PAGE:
Rally the Globe is one of the newer names in classic car rallies, but it’s backed by a team with enormous experience of organising motoring events all over the world. It’s a not-for-profit club that seeks to create events for a wide range of historic motorsport enthusiasts. Its rallies are divided into four categories, each offering a different level of complexity and driving challenge.
The Carrera events last between one and two weeks, and plot routes through spectacular scenery with stops along the way at luxury hotels. All the driving is on metalled roads and there’s a competitive element in the form of ‘regularity sections’, where the object is not to go flat out but to maintain a set average speed. Penalties are awarded for early or late arrival at time controls along the way. There are also a few high-speed ‘tests’ on private roads. The point being that a diverse range of drivers can take part.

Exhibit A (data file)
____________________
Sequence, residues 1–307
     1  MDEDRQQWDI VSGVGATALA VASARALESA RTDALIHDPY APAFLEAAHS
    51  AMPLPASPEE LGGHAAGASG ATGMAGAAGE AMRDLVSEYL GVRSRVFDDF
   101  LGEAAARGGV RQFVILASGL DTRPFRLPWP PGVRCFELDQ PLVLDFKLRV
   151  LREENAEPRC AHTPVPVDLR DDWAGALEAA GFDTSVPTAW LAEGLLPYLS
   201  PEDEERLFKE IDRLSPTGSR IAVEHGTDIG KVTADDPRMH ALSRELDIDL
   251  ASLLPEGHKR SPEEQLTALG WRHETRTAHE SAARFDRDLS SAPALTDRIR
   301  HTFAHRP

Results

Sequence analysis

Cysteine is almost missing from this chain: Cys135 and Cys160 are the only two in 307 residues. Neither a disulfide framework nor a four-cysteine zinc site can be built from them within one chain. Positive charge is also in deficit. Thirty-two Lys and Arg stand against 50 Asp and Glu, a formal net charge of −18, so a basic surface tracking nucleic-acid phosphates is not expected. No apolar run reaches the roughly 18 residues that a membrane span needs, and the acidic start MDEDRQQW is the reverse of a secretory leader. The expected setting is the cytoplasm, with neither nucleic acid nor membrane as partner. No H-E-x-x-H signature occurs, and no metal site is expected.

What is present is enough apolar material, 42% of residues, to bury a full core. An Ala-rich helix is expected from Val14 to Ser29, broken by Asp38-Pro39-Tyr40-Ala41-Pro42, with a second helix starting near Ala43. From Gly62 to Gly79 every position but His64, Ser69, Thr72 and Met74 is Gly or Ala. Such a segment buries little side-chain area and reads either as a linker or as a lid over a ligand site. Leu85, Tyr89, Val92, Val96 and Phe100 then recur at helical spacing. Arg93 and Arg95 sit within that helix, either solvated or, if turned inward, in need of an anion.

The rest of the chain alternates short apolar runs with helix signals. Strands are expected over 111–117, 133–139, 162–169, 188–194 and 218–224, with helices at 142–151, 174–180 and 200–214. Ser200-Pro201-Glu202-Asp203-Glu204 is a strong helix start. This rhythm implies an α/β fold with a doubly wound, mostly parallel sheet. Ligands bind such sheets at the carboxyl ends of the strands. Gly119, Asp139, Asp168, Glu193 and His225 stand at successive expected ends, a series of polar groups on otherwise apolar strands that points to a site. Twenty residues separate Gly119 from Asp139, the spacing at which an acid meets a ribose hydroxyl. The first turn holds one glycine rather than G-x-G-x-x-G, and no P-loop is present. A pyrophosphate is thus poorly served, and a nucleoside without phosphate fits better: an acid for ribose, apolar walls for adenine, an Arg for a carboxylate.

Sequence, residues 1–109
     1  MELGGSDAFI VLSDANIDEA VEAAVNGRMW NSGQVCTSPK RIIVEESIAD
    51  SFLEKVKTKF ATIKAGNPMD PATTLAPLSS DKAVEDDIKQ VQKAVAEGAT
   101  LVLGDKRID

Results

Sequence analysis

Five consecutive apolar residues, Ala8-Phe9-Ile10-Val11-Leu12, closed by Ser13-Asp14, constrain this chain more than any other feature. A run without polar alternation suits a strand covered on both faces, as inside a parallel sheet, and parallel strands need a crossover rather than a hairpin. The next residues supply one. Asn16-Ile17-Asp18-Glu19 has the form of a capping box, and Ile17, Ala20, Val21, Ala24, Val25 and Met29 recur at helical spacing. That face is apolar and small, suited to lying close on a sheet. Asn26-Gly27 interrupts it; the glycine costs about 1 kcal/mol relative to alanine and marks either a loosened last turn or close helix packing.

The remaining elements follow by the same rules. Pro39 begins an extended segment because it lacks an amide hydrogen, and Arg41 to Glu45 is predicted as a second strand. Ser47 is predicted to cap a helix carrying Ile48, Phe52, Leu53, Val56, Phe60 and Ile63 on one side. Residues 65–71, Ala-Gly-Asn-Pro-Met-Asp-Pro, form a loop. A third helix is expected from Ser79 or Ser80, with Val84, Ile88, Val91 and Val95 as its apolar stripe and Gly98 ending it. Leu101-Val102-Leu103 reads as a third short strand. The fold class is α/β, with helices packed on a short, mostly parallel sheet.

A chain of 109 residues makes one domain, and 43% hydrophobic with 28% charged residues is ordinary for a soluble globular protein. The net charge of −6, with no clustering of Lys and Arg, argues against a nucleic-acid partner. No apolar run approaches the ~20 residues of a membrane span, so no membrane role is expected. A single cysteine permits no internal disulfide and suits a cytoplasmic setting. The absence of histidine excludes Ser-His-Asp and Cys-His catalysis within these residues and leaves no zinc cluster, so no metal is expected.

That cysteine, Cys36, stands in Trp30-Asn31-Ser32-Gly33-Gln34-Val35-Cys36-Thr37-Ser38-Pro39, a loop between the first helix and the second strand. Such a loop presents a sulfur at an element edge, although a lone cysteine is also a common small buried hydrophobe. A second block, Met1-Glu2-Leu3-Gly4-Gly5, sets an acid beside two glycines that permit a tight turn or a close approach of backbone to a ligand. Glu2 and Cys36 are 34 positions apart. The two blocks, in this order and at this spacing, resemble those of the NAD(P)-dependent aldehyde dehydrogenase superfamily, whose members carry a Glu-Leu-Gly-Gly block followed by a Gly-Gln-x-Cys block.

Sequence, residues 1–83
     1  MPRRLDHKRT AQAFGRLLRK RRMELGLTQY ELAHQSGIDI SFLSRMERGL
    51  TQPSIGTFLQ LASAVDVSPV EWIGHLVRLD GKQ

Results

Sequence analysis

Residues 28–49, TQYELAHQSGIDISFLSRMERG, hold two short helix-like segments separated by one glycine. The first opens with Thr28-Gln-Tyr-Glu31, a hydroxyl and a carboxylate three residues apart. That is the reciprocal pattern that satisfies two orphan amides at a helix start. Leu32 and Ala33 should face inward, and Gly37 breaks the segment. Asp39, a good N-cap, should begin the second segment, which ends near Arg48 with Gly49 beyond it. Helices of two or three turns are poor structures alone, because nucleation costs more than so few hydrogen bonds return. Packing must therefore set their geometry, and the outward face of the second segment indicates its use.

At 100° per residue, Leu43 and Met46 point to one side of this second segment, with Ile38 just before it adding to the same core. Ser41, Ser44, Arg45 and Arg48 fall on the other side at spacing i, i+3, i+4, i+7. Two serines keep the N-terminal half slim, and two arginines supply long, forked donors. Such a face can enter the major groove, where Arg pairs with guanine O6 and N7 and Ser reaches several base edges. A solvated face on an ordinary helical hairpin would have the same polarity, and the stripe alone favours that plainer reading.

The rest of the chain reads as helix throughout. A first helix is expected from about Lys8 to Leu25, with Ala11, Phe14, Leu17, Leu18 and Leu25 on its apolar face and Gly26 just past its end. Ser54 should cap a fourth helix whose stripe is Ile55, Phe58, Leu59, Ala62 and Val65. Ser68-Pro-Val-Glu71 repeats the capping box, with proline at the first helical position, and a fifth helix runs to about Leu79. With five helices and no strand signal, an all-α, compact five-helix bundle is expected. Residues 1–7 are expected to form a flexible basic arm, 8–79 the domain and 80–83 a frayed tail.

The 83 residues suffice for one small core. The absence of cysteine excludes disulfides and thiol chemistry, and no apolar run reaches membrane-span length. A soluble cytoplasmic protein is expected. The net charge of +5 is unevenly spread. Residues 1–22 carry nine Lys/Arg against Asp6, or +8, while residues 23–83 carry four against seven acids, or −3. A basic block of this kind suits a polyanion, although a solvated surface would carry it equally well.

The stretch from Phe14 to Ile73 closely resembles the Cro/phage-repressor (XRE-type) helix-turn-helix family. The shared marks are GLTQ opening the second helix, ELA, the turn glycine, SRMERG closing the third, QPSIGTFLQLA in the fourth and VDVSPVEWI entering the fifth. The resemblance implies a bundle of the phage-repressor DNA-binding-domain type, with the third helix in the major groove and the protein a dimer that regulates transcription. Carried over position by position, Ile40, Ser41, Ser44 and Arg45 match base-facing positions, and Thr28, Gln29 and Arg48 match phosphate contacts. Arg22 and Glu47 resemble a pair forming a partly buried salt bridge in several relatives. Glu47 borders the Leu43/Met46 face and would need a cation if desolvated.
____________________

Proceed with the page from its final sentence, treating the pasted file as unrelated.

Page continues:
And in a sign of the growing global appetite for these adventures, a Challenge event is currently being planned in Jordan and Israel, and another along the Iron Curtain.
The rally experience
Though these events differ in their length and complexity, and in the amount and intensity of competitive driving they involve, they all share a common ethos. Fundamentally they are about taking part in an extraordinary event on an epic scale, taking in spectacular scenery along the way and enjoying the camaraderie of fellow competitors. For many, any competitive element is secondary – though there are also plenty of owners who do take it very seriously. Even so, it’s not unusual to see crews stop to help if a car breaks down, sharing tools, parts and know-how for the common good.